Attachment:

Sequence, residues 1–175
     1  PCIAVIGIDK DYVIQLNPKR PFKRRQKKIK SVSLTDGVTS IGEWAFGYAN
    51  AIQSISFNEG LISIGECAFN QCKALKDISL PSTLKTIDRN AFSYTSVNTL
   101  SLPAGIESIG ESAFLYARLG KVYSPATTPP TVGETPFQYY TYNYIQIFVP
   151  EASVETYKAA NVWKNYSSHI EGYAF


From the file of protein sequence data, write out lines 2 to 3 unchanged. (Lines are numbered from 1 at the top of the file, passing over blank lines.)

     1  PCIAVIGIDK DYVIQLNPKR PFKRRQKKIK SVSLTDGVTS IGEWAFGYAN
    51  AIQSISFNEG LISIGECAFN QCKALKDISL PSTLKTIDRN AFSYTSVNTL